In previous articles I’ve addressed two of the four elements of Quantum Idea Generation – a process proven in two Oklahoma State University studies to deliver 12 X more ideas than brainstorming. Those first two elements are introducing powerful stimulus into the creative process and making sure that you have the right highly diverse group of people to create ideas.
I am now going provide and overview of how you bring your understanding of the brain types—left and right brain thinkers– into an idea generating meeting. The very important insight here is that we are all about equally creative. Having said that, left and right brain people are optimally creative in very different ways. Knowing the makeup of left and right brain people in your creative session guides your choice of creative exercises that will optimize creative output.
Left brained thinkers and right brain thinkers go about developing new ideas very differently. Traditionally left brained thinkers are logical, love facts, are methodical, like working alone or in small groups, and are more comfortable looking at the parts of a problem instead of the whole problem. On the other hand, right brain thinkers are people who love looking at the big picture, think more emotionally and intuitively, are very comfortable working in larger unstructured situations, and like visuals and pictures for more than charts of numbers.
To leverage this insight, start by determining the makeup of left and right brain thinkers in your session. Ask them to take a simple online and free test. You can find available tests simply by Googling “left brain, right brain test” or “brain dominance.”
Here are some thoughts on how to use what you learn about the left and right brain makeup of your group. If your group is 60% or more left brain, primarily use left brain idea generating exercises, which I’ll cover in a moment.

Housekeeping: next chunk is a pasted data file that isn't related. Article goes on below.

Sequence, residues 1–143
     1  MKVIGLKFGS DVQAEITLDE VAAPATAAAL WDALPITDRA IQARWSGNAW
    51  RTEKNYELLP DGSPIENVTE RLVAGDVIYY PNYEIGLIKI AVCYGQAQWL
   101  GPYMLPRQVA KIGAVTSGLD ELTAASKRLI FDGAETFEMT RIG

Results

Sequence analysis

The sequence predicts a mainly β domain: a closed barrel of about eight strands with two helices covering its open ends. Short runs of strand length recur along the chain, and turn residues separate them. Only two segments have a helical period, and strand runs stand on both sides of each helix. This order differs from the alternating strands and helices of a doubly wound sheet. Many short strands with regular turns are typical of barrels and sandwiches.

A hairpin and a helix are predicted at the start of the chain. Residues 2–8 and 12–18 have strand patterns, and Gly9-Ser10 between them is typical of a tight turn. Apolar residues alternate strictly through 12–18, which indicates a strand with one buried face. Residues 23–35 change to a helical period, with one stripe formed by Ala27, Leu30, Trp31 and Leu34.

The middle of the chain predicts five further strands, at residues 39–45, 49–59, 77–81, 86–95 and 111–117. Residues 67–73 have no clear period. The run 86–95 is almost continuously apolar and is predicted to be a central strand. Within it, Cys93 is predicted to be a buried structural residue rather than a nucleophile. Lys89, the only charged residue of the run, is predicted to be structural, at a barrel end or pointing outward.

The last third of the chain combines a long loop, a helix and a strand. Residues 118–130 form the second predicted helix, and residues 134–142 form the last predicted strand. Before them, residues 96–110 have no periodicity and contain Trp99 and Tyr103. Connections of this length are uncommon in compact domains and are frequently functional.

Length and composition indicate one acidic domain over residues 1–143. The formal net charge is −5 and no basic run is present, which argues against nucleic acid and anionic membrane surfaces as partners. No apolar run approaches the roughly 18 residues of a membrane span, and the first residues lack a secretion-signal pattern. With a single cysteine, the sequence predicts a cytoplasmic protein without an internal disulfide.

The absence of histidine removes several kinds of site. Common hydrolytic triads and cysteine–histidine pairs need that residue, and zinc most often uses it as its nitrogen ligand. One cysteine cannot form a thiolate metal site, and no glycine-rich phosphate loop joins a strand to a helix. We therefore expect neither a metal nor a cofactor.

Conversely, if your group is 60% or more, primarily use right brain idea generating exercises. If there is a fairly even split between left and right brain participants, you will probably want to start with some left brain exercises. Depending upon how positively people react to the process, you can continue with mostly left brain with occasional right brain exercises or if the reaction is not positive consider using mostly right brain exercises with an occasional left brain exercise.
Here are a couple of simple examples of the different left and right brain exercises we use at Innovate2Grow Experts/i2ge.com.
First, here is a left brain exercise example.
- These start by giving the group an assignment. For example, “in this exercise you are asked to generate ideas to create a 50% improvement in our customer service scores.”
- Before people are asked to generate ideas, there can often be a stimulus presentation that precedes the request.
- Left brained people like to start generating ideas on their own. So the first step is asking people to take out a writing pad and working alone to write down ideas to accomplish this goal.
- In the next step, they are asked to share their ideas with one other person. The goal is to make each other’s ideas bigger and better.
- In the next step, they are asked to share their ideas in a group of four. The goal is the same – make ideas bigger and better.